As funding is available, Metro Transit is implementing the Service Improvement Plan (SIP) that was approved last year. Looking beyond the high profile improvements like LRT and Arterial BRT, the plan calls for increasing frequencies on the urban local bus routes that have always been the backbone of the system. This recognizes the reality that regular transit riders, especially those without an automobile, deserve service that is more convenient.
The August 20 service change brings greater frequency to two more routes.
Most people probably don’t know it, but for years Route 2 Franklin Crosstown has been in the top five for ridership per bus hour. It feeds the U of M, Augsburg College and Riverside Medical Center from southeast Minneapolis and Franklin Avenue, is a classic crosstown across south Minneapolis and connects with both the Blue and Green Lines. It serves a large transit dependent population. Now it’s finally getting the frequency it deserves. The frequency improves from every 15 minutes on weekdays and every 20 minutes on weekends to every 10 minutes 7 days a week.
The frequency is doubling on much of Route 62 Rice Street-Smith Avenue in St. Paul, one of the Green Line’s feeders. On weekdays and Saturdays the Rice Street end of the line improves from every 30 minutes to every 15 minutes. On Sundays Rice Street improves from every 30 minutes to every 20 minutes.
On Saturdays the service on Smith Avenue to West St. Paul doubles from hourly to half hourly.
Better Bus Stop Signs
By the end of 2017, Metro Transit expects to have replaced all of its 12,300 bus stop signs with new ones that provide much more information. The process started in 2015, with 2,300 being replaced. 5,000 more are underway this year, with the final 5,000 in 2017.
They are being installed route by route. Earlier this year Route 84 was completed to coincide with the June opening of the A Line. The rest of this year’s work started in August.
- Phase 1 routes (installation began in August): 2, 3, 4, 5, 6, 10, 14, 17, 18, 21, 22, 74
- Phase 2 routes (installation will begin in the fall): 7, 11, 12, 16, 23, 25, 61, 62, 65, 68, 71, 94, 250, 270, 535, 675, 768, 850
Bus stops vary greatly in activity. Metro Transit has divided theirs into four categories.
Low Boarding Stops: According to a 2015 inventory (see table), 4,487 of them (36 percent) have no boarding passengers. How can that be? Those are mostly the stops for outbound express buses and the outbound stops near the ends of local lines. They need signs, but not departure information.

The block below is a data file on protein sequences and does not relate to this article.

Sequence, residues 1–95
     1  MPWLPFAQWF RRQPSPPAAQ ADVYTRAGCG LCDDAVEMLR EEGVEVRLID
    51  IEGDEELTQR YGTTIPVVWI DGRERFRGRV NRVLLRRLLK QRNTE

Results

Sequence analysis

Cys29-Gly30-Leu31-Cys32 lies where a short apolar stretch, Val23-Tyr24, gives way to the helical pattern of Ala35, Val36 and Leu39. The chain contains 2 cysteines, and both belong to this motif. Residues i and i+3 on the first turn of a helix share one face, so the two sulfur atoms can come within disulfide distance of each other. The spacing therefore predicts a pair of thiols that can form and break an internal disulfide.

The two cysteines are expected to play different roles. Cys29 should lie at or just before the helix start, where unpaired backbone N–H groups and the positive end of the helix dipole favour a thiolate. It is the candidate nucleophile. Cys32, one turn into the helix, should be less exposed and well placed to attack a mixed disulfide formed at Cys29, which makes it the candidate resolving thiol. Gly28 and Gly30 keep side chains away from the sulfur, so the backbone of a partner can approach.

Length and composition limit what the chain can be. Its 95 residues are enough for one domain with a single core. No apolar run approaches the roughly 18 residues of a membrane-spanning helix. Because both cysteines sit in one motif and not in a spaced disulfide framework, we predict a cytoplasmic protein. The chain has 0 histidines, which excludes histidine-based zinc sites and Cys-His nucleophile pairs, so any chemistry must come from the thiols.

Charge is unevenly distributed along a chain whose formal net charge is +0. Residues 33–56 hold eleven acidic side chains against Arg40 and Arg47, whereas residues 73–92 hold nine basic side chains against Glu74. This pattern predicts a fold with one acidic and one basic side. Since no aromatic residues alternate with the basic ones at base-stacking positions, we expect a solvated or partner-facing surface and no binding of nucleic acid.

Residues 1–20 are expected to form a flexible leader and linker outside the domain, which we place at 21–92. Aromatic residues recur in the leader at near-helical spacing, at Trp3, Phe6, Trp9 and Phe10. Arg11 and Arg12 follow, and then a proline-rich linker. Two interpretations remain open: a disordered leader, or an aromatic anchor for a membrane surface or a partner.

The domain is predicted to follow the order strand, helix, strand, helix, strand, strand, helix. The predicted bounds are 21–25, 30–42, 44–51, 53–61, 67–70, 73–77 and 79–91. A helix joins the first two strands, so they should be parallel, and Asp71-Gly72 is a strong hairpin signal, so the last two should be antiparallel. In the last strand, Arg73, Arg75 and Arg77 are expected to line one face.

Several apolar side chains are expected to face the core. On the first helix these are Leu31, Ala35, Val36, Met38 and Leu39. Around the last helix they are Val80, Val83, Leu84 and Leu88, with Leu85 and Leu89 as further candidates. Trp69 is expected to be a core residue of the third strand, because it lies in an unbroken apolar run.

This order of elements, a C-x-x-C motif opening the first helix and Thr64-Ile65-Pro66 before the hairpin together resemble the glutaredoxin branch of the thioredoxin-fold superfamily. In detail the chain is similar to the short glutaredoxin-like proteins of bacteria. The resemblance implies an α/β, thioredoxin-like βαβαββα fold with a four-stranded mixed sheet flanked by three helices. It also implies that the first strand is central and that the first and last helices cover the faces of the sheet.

Another 4991 stops (41 percent of the total) have only 1-10 boardings per day. That means 77 percent of the stops have 10 or fewer boardings per day. Given the limited resources available to update signs, the decision was made to give these stops route numbers, the bus stop number, the Transit Information phone number and the info to access schedule info by smart phone.
|Avg. Daily||Total||Mpls-St. Paul||Suburbs|
|Boardings||No. of stops||No. of stops||No. of stops|
Medium/High Boarding Stops Without Shelters: There are about 2,000 of these and this is where the new signs will have the greatest impact. In addition to the basic sign described above, these stops will have summaries of bus frequency by time of day and day of week, route maps and a listing of terminal letter destinations, as illustrated above.
Medium/High Boarding Stops With Shelters: Full schedule information, including lists of departure times has always been displayed in the approximately 1,000 bus shelters. That will continue with the addition of route maps. The stops themselves will receive new metal signs.
Transit Stations and Transit Centers: These include all the LRT and BRT stations, plus all the transit centers. These locations already have the full complement of information, including maps and lists of departure times. Many are now getting NextTrip real time departure displays, as are a number of the busy downtown stops and park-ride lots. The number of real time displays will continue to increase.
A Line Update
The A Line BRT on Snelling Avenue has settled into normal operation and the initial get-acquainted ridership is over. For the average weekday in July, the A Line (4,250 passengers) and the downsized Route 84 (775 passengers) are hauling 40 percent more passengers than the old Route 84 they replaced.
Bear in mind that ridership should increase when school starts at Hamline, Macalester and Highland Park High School, all located on the A Line or the 84. It will also be interesting to watch State Fair ridership.
On time performance, defined as zero minutes early to 5 minutes late, is running in the mid-90 percent range. That’s quite good, considering the A Line gets stuck in heavy traffic approaching the I-94/University Avenue area, and westbound at Hiawatha.
While there is anecdotal evidence that traffic signal priority for the buses is working, project manager Charles Carlson tells me they don’t yet have a system reporting tool that quantifies the number of priority calls. You can watch it happen. If an A Line bus is approaching an intersection and the light stays green after the count down clock gets to zero, that was bus priority being granted. For the record, buses receive signal priority at the following intersections:
Co Rd B2 W Ramp
Har Mar Mall
Ford Pkwy. at:
46th St. at:
A number of major intersections get no priority, including Co. Rd. B, Roselawn Ave., Larpenteur Ave., University Avenue, Spruce Tree Dr., St. Anthony Ave. (I-94), Concordia Ave. (I-94), Marshall Ave., Summit Ave., Grand Ave., Cleveland Ave., Cretin Ave., and Hiawatha Ave. In case you’re counting, 61 percent of the intersections have priority. Priority only works when GPS detects that the bus is late.
The buses also get to use bus-only shoulders between Hewitt and Como Avenues, and between Hoyt Street and County Road B.
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